Recently, Netflix separated their streaming and DVD subscription plans. As per Netflix’s forecast, they will lose about 1 million subscribers by the end of this quarter. The customers did not like what Netflix did. A few days back, Netflix’s CEO, Reed Hastings, wrote a blog post explaining why Netflix separated their plans. He also announced their new brand, Qwikster, which will be a separate DVD service from Netflix’s streaming website. These two services won’t share the queues and movie recommendations even if you subscribe to both of them. A lot has been said and discussed about how poorly Netlflix communicated the overall situation and made wrong decisions.
I have no insider information about these decisions. They might seem wrong in short term but I am on Netflix’s side and agree with the co-founder Marc Randolph that Netflix didn’t screw up. I believe it was the right thing to do, but they could have executed it a little better. Not only I am on their side, but I see parallels between Netflix’s transition from DVD to steaming and on-premise enterprise ISVs’ transition from on-premise to cloud. The on-premise ISVs don’t want to cannibalize their existing on-premise business to move to the cloud even if they know that’s the future, but they don’t want to wait long enough to be in a situation where they run out of money and become irrelevant before the transition.
So, what can these on-premise ISV’s learn from Netflix’s decisions and mistakes?
Run it as a separate business unit, compete in the right category, and manage street’s expectations:
Most companies run their business as single P&L and that’s how the street sees it and expects certain revenue and margins. Single P&L muddies the water.The companies have no way of knowing how much money they are spending on a specific business and how much revenue it brings in. In many cases, there is not even an internal separation between different business units. Setting up a separate business unit is a first step to get the accounting practices right including tracking cost and giving the right guidance to the street. DVD business is like maintenance revenue and the streaming is like license revenue. The investors want to know two things: you’re still a growth company (streaming) and you still have enough cash coming in (DVD business) to tap into the potential to grow.
Netflix faces competition in streaming as well as in their DVD business, but the nature of competition is quite different. For the enterprise ISVs competing with on-premise vendors is quite different than competing with SaaS vendors. The nature of business — cost structure, revenue streams, ecosystem, platform, anti-trust issues, marketing campaigns, sales strategy — is so different that you almost need a separate organization.
Prepare yourself to acquire and be acquired:
Netflix could potentially acquire a vendor in the streaming business or in the DVD business and that makes it easy for them to integrate. This is even more true in the case of ISVs since most of the on-premise ISVs will grow into the cloud through acquisitions. If you’re running your SaaS business as a separate entity, it is much easier to integrate the new business from technology as well as business perspective.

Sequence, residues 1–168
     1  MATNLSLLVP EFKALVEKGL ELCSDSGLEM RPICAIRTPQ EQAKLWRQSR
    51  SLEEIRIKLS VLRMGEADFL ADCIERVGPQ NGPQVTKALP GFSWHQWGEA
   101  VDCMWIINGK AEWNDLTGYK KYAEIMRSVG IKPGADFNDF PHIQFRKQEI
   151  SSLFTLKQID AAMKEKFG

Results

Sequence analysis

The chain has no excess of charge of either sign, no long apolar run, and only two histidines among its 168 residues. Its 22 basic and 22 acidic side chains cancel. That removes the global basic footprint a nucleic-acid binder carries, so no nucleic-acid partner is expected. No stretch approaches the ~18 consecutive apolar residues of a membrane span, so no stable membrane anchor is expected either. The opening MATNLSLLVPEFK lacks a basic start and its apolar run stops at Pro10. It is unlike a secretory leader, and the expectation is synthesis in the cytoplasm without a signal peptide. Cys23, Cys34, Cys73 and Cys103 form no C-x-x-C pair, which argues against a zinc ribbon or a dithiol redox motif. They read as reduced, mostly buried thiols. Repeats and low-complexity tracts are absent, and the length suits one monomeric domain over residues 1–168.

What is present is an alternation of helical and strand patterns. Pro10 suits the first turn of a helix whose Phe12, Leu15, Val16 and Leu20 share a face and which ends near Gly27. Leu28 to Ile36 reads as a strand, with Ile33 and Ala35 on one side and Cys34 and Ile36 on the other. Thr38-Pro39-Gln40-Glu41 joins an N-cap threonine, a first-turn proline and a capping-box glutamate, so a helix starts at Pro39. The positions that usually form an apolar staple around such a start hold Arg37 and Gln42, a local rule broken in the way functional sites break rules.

Just as you could acquire companies, you should prepare yourself for an exit as well. Netflix could potentially sell the DVD unit to someone else. This will be a difficult transaction if their streaming business is intertwined with their DVD business. The same is true for the enterprise ISVs. One day, they might decide to sell their existing on-premise business. Running it as a separate business entity makes it much easier to attract a buyer and sell it as a clean transaction.
Take your customers through the journey:
This is where Netflix failed. They did not communicate to the customers early on and ended up designing a service that doesn’t leverage existing participation of the customers such as recommendations and queues. There is no logical reason why they cannot have a contract in place between two business units to exchange data, even if these two units are essentially separate business entities. The ISVs should not make this mistake. When you move to the cloud, make sure that your customers can connect to their on-premise systems. Not only that, you need to take care of their current contracts and extend them to the cloud if possible and make it easy for them to transition. Don’t make it painful for your customers. The whole should be great than the sum of its parts.
Run your business as a global brand:
Learn from P&G and GE. They are companies made up of companies. They do run these sub-companies independently with a function to manage them across. It does work. Netflix has a great brand and they will retain that. As an on-premise ISV you should consider running your on-premise and cloud businesses as sub-brands under single brand umbrella. Branding is the opposite of financials; brand is a perception and financials is a reality. Customers care for the brand and service and the street cares for the financials. They seem to be very closely related to each other for a company looking inside-in but from an outside-in perspective they are quite different. There is indeed a way to please them both. This is where the most companies make wrong decisions.
(Cross-posted @ cloud computing)